BayCHI, the San Francisco Bay Area chapter of ACM SIGCHI brings together scholars, practitioners, and users to exchange ideas about computer-human interaction and the design and evaluation of human interfaces.
These programs are made possible by all the BayCHI volunteers who serve the CHI community and by the financial support of BayCHI members like you. Thank you!
The Grateful Dead's legendary performances, and the grassroots tape-trading network that grew around them, multiplied the band's fan base and generated a distributed archive that sustains their worldwide musical and cultural legacy. Nicholas Meriwether is head deadhead of the Grateful Dead Archive at U.C. Santa Cruz. He is devoted to using Web 2.0 user experience theory and practice to organize accessible collections of those memories.
What's the key facial feature of your design? That one element that grabs people on an irrational level, reflects the big concept, and becomes the icon for your product or service. Gretchen Anderson points to BMW cars' split grill, Tivo's big, bright "pause" button, and the Flip camera's flip-out USB plug as examples of successful facial features. Yes, strive for usability, but the most usable designs can be boring. Your design needs personality, too!
With several mobile device platforms in wide use, the designer's job is more complex than ever. Suzanne Ginsburg sorts it all out, proposing several approaches and giving examples and tradeoffs of each. Should you design a native app only for the iPhone? A web app that works on Android and Windows phones, too? Or should your design fall somewhere between, targeting only a few platforms? Or take a hybrid approach? Suzanne gives guidelines to help you decide and describes tools that can ease the designer's task.
Chris Longhurst - Unintended Consequences of Healthcare IT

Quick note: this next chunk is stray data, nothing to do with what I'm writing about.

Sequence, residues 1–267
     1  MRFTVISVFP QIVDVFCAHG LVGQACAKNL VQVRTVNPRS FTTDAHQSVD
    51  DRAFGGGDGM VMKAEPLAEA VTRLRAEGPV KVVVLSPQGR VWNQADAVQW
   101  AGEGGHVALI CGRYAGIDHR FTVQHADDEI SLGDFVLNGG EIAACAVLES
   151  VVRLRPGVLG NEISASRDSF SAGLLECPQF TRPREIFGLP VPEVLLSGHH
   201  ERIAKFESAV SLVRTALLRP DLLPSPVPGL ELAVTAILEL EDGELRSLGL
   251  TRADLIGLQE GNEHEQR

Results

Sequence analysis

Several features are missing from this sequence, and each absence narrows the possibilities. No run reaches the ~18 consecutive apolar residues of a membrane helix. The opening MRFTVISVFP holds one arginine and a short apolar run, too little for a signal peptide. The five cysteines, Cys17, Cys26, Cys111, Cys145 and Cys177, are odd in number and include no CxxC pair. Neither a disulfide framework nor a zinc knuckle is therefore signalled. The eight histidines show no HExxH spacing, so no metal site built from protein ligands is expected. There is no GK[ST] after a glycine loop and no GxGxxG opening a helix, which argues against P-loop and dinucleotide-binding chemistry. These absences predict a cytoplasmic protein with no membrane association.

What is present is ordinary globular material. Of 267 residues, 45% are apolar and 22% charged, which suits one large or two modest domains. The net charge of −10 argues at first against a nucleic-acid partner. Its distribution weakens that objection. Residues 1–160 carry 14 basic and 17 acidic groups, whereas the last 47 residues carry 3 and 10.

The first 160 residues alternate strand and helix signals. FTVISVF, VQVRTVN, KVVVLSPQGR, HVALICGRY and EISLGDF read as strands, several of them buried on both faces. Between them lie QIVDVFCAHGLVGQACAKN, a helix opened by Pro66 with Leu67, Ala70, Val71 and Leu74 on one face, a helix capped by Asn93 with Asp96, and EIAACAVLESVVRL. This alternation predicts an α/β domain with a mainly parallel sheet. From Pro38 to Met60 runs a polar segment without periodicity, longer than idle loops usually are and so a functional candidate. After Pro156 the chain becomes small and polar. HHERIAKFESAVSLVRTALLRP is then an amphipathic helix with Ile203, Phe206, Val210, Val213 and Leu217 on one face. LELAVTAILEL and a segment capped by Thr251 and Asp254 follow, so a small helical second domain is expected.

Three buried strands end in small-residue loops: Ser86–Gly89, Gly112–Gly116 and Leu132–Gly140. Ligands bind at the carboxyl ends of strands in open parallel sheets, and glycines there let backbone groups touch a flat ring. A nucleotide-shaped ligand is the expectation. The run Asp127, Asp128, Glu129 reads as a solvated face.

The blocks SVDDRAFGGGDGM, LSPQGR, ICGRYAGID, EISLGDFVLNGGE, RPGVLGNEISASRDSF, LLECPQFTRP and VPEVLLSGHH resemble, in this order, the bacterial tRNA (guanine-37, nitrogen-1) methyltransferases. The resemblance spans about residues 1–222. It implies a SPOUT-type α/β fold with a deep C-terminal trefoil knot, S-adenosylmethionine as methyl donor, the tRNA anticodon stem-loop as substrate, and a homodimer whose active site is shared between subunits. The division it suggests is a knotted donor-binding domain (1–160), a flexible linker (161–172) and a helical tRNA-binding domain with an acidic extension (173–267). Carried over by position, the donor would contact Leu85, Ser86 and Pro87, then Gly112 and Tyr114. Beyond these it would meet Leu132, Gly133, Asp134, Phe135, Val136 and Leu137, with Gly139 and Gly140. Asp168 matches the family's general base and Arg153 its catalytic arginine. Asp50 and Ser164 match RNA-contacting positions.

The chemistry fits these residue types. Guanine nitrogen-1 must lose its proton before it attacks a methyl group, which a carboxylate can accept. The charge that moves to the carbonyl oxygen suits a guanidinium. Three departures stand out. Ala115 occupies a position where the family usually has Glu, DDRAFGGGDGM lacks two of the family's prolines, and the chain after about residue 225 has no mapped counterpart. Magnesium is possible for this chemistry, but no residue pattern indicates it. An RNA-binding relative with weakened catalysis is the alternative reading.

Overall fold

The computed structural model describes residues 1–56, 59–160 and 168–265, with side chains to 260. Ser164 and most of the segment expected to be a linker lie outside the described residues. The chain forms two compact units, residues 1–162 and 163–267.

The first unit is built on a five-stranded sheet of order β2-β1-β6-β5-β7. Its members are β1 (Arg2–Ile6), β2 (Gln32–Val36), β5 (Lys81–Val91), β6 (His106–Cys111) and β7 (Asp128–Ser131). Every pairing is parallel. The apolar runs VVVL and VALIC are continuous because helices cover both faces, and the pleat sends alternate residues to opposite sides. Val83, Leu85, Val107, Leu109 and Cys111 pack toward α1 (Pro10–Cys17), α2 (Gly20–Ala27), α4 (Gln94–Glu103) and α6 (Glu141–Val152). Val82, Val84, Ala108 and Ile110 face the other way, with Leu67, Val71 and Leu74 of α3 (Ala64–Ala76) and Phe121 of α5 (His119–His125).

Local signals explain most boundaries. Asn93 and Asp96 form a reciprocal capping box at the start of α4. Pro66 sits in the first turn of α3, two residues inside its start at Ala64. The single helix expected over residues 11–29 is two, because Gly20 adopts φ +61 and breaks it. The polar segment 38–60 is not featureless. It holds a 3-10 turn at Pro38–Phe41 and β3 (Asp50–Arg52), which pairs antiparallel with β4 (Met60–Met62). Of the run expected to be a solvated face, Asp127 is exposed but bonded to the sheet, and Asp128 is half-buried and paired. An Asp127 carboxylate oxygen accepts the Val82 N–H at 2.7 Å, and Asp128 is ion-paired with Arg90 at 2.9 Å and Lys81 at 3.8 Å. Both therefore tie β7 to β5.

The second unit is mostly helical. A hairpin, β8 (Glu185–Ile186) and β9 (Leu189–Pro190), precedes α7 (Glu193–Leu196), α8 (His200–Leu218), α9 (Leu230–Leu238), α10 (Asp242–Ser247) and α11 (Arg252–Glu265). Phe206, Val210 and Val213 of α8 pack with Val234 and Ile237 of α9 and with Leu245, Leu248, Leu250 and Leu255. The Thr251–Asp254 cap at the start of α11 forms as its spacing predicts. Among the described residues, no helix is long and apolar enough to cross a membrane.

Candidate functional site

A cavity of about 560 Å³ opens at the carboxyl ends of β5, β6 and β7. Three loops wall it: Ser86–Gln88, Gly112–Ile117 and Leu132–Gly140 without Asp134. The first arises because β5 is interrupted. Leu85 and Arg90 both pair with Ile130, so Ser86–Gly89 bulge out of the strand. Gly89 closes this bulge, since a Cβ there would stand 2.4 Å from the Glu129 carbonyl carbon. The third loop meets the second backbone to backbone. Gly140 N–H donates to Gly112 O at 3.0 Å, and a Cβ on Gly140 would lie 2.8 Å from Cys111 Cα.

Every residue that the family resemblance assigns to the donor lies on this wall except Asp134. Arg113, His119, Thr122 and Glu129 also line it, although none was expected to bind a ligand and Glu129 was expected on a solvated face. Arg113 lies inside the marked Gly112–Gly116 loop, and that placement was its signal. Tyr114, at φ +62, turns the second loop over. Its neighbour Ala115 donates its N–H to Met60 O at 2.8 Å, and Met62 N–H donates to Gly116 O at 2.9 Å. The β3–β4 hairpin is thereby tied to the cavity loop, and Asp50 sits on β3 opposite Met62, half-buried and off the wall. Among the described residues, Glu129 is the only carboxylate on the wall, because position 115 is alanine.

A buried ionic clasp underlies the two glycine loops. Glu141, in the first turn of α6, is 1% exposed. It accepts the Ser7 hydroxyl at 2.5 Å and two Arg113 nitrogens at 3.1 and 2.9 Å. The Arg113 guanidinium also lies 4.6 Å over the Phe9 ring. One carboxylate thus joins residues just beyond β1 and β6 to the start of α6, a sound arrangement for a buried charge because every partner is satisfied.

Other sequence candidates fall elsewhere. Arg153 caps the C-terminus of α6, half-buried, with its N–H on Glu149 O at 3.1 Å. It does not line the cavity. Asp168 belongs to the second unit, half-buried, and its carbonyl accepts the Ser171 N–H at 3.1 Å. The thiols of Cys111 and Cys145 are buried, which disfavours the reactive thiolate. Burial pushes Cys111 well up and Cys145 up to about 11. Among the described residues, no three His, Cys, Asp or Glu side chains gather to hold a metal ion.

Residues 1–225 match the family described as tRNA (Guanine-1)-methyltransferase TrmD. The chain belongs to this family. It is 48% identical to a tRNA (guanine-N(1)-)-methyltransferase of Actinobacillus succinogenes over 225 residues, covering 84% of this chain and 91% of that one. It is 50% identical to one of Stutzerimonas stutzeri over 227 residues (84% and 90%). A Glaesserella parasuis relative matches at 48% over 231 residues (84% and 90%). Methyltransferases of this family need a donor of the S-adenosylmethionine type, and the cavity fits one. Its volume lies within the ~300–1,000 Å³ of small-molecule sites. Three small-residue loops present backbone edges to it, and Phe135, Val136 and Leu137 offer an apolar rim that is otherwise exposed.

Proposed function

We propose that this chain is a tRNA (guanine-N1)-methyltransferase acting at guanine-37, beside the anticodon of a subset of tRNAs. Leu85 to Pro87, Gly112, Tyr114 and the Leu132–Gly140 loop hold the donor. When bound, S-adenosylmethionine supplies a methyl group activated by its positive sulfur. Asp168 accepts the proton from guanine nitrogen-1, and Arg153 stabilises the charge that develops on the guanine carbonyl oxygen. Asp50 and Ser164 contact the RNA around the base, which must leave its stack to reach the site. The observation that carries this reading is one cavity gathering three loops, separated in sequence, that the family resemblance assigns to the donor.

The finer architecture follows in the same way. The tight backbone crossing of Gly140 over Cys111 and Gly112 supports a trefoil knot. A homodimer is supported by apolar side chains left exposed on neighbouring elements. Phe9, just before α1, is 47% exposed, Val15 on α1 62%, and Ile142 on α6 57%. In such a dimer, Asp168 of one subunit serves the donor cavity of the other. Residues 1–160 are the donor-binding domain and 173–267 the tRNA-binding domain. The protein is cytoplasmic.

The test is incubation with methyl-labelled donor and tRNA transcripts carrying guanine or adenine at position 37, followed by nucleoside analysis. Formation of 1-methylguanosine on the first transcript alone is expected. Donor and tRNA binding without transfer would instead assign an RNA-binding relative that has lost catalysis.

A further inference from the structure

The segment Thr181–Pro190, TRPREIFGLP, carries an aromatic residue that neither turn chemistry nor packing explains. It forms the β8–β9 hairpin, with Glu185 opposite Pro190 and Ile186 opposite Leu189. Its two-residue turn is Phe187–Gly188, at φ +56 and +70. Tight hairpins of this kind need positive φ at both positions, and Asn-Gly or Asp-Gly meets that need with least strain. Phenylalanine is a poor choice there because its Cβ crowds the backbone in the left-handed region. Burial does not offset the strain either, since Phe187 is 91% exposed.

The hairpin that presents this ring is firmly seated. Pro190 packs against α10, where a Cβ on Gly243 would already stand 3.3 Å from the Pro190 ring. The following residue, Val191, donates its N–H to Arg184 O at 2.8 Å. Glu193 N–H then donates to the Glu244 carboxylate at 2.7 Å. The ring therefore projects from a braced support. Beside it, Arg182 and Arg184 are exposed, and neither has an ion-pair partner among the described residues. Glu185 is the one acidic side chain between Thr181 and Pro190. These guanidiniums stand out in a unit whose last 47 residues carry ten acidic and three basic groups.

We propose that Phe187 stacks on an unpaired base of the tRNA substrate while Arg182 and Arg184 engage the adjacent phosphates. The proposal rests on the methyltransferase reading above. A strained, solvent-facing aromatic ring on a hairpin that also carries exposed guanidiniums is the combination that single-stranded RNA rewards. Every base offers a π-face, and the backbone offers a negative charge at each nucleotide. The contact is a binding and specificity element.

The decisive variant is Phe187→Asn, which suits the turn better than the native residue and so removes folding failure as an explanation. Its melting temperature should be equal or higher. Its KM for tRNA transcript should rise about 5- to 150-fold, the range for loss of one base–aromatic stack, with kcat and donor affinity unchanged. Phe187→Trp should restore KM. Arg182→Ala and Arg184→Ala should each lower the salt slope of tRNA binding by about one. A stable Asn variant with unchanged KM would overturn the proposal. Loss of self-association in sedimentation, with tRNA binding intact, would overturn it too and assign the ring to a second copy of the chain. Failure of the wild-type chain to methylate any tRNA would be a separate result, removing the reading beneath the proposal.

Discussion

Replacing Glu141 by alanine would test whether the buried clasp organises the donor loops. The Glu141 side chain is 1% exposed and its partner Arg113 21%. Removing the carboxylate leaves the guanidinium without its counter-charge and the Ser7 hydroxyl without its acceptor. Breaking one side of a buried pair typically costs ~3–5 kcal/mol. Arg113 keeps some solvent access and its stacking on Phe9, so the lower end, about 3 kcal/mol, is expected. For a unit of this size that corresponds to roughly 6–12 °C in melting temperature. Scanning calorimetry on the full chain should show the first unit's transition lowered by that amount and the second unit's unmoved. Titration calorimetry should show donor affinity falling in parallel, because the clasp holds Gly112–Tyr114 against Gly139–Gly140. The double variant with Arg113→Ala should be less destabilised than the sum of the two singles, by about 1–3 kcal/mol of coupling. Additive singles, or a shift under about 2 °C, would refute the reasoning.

If your confidence in healthcare is hurting, listen to this inspiring talk by pediatrician Chris Longhurst for a quick boost. Chris gives an intelligent and honest overview of technology adoption by hospitals, its huge benefits in reducing errors and costs together with its unintended consequences and how to manage them. Learn nine common problems that arise from healthcare IT adoption and take heart that we have smart, caring doctors like Chris to work through them, so patients can reap the benefits.
With each new social network, it seems social media becomes more important. With a lot of competition for our attention, effective user experience is critical. Erin Malone says we must focus on how people first interact with our designs, then carefully help them flow from one stage of participation to the next. Erin describes clear patterns that help social services ease people on board and encourage them to interact with others.
Building the right marketing strategy can be tricky if you see your customer only through a bubble of research. Peter Merholz strives to construct better models for understanding customers as something more than sheep, highly-rational Vulcans, or Type A personalities. Peter's case studies include connecting consumers to a financial services program and redesigning insulin pumps.
Do we know how to design successful social environments? Is "social experience design" understood as well as "visual design" or "interaction design"? Not yet, says Xianhang Zhang. He believes social design is still in its pre-scientific era: inefficient, error-prone, and unpredictable. Hang calls for a formal theory of social experience design and describes his own theoretical framework. As a first exercise of his principles, he is creating a Design Guild as a way to foster better designers.
Careful study of Amazon.com reveals design treasures of surprising value. Jared Spool has studied Amazon for years and developed insights into which design elements create more sales, and why. But he cautions designers not to copy Amazon blindly. Some features only work for the dominant on-line retailer. Some don't even work for Amazon, whose site is peppered with "dead soldiers," the remnants of abandoned experiments. Along the way, Jared points out funny effects of Amazon's automation at scale. Even those show Amazon has much teach us.
While much open source software suffers from poor design and usability, Firefox shines. What makes the Mozilla community different? With great branding, usability backed up by research but tempered by realism, and a powerful extension architecture, the Firefox web browser claims 400 million users. On the eve of the release of Firefox 4, Mozilla designer Alex Faaborg covers the unique challenge of coordinating user experience design in an open source community, important features of past versions, and the future of the Firefox interface.